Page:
"Goosebumps: Bride of the Living Dummy/An Old Story"
by Michelle Erica Green

Grade: D
Production: Twentieth Century Fox, 1997
Running Time: 44 minutes

Video Summary:

Childhood innocence gets destroyed when a child's doll becomes possessed and when a sweet old aunt turns her nephews into old men in AN OLD STORY. The only horror in these "Goosebumps" episodes is from the nastiness of the storylines.

BRIDE OF THE LIVING DUMMY brings back Slappy, the ventriloquist's prop with a mind -- and a voice -- of his own. Now a successful stage performer with a down-and-out actor in his thrall, Slappy becomes obsessed with a cute doll in the audience. He then menaces the family of the doll's owner in an effort to claim his bride.

In AN OLD STORY, Aunt Dahlia comes to stay with brothers Tom and Jon while their folks are away. Her prune cookies and plans for a bridge night sound boring at first, but they're just the start of a sinister plot to turn the boys into old men...ideal husbands for two paying customers who want gentlemen to retire with.

Best For Ages:

6-8: Younger children who play with dolls may be disturbed by BRIDE OF THE LIVING DUMMY; AN OLD STORY will more likely confuse than frighten them.

9-12: Some viewers may be offended by the sexism and jokes at the expense of the elderly in AN OLD STORY. Others will enjoy seeing Slappy the Dummy again, though this is his poorest outing.

Parental Advisory:

Educational Value: Out to recess. BRIDE OF THE LIVING DUMMY has moments of humor, but no real screams for horror fans.

Entertainment Value: AN OLD STORY is probably the worst of the GOOSEBUMPS installments despite excellent makeup turning two young boys into senior citizens; the story plods, the jokes are offensive.

Violence: Two dolls beat each other up and are destroyed by a buzzsaw, their ghoulish green souls flying off into the sky.

Frightening Situations: Both stories involve absent parents and children menaced by strangers. AN OLD STORY is more disturbing in that a family friend left to babysit tortures the kids by transforming them into old men. Kids may have nightmares about their dolls coming to life after BRIDE OF THE LIVING DUMMY, in which a possessed dummy tries to force marriage upon an underage girl.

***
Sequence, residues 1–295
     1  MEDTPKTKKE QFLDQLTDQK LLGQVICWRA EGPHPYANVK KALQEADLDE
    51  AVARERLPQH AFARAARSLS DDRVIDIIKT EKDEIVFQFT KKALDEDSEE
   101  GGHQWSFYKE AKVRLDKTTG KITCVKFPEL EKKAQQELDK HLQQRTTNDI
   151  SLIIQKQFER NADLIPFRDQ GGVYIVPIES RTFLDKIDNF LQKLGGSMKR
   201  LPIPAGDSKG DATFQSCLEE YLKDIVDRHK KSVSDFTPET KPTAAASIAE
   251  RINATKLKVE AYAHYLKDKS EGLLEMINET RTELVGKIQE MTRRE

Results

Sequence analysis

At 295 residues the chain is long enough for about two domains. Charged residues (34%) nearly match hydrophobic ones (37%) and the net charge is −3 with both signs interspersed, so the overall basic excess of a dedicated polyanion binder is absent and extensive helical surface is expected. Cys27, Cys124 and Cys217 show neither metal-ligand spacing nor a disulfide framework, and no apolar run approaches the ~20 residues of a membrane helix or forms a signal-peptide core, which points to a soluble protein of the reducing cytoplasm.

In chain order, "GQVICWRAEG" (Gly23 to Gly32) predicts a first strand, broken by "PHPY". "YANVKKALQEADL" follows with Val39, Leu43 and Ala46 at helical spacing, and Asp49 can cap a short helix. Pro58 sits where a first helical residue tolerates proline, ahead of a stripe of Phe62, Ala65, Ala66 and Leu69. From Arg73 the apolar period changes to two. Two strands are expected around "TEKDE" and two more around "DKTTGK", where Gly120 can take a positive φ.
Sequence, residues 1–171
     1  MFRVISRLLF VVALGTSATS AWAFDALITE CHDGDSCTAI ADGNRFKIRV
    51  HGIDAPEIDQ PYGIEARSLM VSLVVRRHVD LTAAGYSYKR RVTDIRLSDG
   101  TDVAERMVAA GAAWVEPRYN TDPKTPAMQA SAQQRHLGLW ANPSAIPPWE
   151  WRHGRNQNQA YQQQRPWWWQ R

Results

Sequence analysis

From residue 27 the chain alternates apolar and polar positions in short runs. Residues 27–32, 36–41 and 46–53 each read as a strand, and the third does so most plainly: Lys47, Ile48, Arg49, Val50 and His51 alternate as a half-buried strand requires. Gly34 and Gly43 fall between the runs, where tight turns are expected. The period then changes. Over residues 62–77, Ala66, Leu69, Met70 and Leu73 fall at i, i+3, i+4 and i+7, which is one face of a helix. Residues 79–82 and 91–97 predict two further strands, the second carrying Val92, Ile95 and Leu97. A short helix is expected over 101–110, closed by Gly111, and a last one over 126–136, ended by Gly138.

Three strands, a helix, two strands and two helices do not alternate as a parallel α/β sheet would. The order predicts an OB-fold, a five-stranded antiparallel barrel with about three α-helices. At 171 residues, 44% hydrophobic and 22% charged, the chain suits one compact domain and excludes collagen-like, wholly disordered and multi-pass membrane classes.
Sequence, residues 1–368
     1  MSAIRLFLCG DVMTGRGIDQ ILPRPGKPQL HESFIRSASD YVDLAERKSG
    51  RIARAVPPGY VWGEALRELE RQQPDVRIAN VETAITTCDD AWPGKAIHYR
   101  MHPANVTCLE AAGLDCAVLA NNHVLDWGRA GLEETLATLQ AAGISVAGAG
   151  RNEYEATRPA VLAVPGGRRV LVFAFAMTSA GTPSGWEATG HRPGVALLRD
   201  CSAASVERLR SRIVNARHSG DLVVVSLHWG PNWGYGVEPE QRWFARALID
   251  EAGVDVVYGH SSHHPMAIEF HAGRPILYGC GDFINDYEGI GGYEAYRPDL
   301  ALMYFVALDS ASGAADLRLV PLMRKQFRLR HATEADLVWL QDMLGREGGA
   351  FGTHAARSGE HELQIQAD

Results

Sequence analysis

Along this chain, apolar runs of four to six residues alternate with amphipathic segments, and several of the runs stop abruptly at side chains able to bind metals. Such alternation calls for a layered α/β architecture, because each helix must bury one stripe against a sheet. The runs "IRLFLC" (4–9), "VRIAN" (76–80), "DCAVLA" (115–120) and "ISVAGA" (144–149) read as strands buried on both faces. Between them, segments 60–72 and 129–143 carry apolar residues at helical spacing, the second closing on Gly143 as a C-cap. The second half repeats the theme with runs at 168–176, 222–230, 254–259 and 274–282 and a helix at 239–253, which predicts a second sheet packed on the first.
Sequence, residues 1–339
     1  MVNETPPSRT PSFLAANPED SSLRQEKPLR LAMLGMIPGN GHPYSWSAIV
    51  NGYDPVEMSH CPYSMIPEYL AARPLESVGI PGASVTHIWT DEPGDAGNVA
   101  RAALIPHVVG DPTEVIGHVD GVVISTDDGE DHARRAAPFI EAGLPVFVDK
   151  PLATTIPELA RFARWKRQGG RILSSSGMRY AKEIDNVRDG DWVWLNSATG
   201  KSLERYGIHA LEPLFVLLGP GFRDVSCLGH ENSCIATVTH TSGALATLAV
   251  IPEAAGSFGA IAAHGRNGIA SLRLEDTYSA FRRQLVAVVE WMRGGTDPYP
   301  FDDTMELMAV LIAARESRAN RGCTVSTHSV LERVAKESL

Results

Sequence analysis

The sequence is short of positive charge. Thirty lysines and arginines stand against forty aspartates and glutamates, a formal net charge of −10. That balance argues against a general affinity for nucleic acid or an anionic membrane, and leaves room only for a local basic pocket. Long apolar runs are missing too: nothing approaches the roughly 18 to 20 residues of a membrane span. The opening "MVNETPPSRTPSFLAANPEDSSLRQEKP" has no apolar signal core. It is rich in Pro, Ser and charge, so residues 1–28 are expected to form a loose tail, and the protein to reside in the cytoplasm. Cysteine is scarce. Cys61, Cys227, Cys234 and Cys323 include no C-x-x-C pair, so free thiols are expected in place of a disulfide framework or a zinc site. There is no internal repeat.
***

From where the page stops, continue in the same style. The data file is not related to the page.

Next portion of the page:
Questionable Behavior: Kids (wisely) refuse to eat their prunes. A girl takes a cab downtown into a seedy neighborhood to visit a man she barely knows who has sent her a strange gift.

Mature Themes: Two elderly women desperate for companionship hire a witch to transform young boys into old men whom they can force into marriage. Gender/Racial Insensitivity: Both stories portray women as conniving schemers desperate to get husbands.


In older kids' movies, marriage is often portrayed as a fate worse than death -- the old ball and chain ruining every boy's good time. In these "Goosebumps" episodes, the venerable institution becomes downright unnatural. A plastic doll pursues a theatrical dummy, who in turn lusts after a human girl in BRIDE OF THE LIVING DUMMY. This sort of miscegenation is characterized as evil, and the dolls are punished by death for their unnatural desires.

Scary? Yes, but not because the dolls can bite. Slappy's plan to marry young Gillian has overtones of pedophilia, and his vampy blonde sidekick acts out every cliché about a woman scorned. As if that weren't bad enough, the eccentric matchmaker in AN OLD STORY finds grooms for the desperate old maids who come to her by turning innocent young boys into decrepit old men. It's not funny, and it's only scary in that the writers think these stories are appropriate to spook children.

"Goosebumps" isn't Shakespeare, but it's usually much better than this. The series' own NIGHT OF THE LIVING DUMMY tells a much more entertaining story about the adventures of Slappy. For a fresher perspective, the Tom Hanks classic film BIG gives a more sensitive portrayal of what it would be like to be a kid trapped in an adult's body.

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